The Sarah Connor Chronicles, FOX, Airs Friday 8/7c
Episode: “Desert Cantos” (Season Two, Episode 15)
Synopsis: Sarah and Company attend funeral services for the families who had loved ones that died in the mysterious warehouse explosion. With the segments of the show broken into the parts of the funeral (e.g., Vigil, Processional, etc.), John follows the lead of a father who has disappeared after the explosion while Sarah befriends the widow of the man she killed. Meanwhile, the Garbage Terminator forgets about her hand in the explosion and tries to strike up a relationship with her human counterpart’s daughter… again.
Review: I’d like to think that, like ABC’s Lost, The Sarah Connor Chronicles is using all this chit-chat as a set up for something really, really cool in seasons five and six. After all, for what is supposed to be an action series, there’s a lot of scenes with people simply talking to each other. Even the pretty cool villain that is the Garbage Terminator (Shirley Manson) does an awful lot of flapping her jaw instead of skewering people.
Sure, last week, we had an explosion of violence when the Garbage Terminator tore through the warehouse, but this week, she’s back with her terrified daughter, chatting her up and trying to be more human. And Agent Ellison (Richard T. Jones) is just walking the halls of pre-SkyNet this week.
Sarah, Derek and John seem to be taking it slow as they sift through the lives of the deceased families. Even when they uncover something interesting, like surveillance equipment that has the entire neighborhood under the watchful eyes of the machines, there’s no action whatsoever. Sarah and John threaten the families, but even when they discover some pretty damning evidence, they just stand around looking at it instead of following up.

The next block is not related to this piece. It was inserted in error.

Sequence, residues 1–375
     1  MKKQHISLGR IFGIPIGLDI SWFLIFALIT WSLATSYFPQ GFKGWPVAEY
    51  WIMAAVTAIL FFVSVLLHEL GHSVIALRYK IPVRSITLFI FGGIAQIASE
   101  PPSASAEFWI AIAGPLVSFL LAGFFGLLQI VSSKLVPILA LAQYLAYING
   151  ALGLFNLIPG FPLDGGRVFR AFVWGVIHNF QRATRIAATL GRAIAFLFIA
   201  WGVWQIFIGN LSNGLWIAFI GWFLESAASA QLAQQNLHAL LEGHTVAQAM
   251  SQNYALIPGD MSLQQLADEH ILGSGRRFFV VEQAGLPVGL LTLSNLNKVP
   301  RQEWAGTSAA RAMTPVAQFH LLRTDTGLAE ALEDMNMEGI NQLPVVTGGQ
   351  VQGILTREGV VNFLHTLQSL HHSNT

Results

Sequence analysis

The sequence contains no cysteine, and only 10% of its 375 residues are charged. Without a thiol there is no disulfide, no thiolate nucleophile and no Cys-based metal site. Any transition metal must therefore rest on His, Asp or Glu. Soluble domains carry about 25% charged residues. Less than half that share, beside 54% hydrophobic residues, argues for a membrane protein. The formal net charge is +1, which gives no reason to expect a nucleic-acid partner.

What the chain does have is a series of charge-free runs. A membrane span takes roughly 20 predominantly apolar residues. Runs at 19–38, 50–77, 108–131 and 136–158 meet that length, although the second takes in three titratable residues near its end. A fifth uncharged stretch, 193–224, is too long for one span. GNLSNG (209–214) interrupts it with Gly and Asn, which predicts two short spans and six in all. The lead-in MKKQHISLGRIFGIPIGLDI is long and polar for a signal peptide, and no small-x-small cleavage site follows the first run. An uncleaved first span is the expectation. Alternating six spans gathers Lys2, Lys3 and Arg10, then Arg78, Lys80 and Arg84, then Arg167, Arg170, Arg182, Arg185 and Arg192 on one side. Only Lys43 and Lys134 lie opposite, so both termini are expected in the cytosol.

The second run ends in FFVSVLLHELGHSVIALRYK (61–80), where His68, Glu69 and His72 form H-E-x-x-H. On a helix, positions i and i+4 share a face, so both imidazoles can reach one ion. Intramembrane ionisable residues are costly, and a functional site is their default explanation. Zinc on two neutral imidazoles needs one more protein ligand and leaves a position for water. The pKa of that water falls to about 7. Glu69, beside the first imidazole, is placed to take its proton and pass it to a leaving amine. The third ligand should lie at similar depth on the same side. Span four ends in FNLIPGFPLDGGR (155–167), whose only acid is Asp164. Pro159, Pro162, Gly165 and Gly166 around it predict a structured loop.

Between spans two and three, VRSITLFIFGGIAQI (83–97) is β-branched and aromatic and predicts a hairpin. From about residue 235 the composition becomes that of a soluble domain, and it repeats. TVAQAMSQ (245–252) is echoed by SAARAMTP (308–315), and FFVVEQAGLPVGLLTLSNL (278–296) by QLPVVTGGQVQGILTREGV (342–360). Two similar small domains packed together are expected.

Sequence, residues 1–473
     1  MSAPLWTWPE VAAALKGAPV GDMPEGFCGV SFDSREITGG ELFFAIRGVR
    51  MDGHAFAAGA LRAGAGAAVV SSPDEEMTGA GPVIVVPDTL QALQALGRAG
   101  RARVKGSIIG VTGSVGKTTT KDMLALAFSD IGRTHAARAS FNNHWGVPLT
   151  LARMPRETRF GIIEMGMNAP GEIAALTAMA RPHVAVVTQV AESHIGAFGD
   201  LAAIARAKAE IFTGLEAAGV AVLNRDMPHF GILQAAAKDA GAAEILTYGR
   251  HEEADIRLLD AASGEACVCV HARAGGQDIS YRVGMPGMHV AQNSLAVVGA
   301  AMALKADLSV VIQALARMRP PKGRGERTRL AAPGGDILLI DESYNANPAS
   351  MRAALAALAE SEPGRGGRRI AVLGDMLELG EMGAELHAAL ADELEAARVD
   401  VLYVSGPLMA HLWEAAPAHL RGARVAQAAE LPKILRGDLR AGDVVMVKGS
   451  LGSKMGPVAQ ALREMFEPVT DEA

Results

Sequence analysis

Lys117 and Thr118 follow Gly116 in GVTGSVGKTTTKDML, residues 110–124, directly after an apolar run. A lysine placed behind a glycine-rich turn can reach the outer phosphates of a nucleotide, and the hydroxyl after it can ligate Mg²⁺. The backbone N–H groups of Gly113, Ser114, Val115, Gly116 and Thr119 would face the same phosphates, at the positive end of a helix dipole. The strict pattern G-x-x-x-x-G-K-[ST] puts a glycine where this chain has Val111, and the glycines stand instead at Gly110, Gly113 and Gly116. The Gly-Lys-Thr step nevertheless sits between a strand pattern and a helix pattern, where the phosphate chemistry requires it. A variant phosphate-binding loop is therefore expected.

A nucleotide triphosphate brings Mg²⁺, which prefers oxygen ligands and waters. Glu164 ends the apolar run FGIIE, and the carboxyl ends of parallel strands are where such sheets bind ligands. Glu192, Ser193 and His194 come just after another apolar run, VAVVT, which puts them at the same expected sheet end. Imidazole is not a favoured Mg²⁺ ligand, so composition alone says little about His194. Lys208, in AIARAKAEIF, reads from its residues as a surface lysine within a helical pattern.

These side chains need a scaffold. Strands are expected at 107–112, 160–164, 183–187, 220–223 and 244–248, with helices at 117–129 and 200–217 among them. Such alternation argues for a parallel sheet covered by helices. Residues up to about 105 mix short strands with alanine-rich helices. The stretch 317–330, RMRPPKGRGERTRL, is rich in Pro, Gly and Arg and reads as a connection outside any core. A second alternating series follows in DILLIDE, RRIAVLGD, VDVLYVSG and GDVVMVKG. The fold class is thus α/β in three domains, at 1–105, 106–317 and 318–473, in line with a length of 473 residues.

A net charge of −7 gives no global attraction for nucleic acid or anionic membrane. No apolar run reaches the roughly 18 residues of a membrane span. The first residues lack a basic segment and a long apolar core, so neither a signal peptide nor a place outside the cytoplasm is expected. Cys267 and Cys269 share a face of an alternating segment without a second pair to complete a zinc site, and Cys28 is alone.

This episode is indicative of the problems with this series. The background of the universe has already been set up in the films. Then, the television show had to rewrite some of this and spend time building its own off-shoot of the reality. Now, it’s getting lost in its own plotline entanglements. And, being a weekly television series rather than a summer tent-pole release, the promise of action that we had from the movies either gets too silly and expensive (like it did with the weekly Terminator coming through time in the first half of the season), or it becomes too talking and full of exposition (like this episode).
The Sarah Connor Chronicles works against itself. A final battle would end the show, so it doesn’t serve a television series. A revelation of the real villains would also break apart the show, so the Garbage Terminator can only have a brief moment of her real self. And any spectacular action sequence would bankrupt the series. Ultimately, we’re left having to watch the characters mope around and sort-of engage the machines… but not really.
Up Next: Sarah has nightmares for the man she killed in the warehouse, checks into a sleep clinic, then freaks out when she suspects SkyNet is mapping her brain. Call Art Bell!
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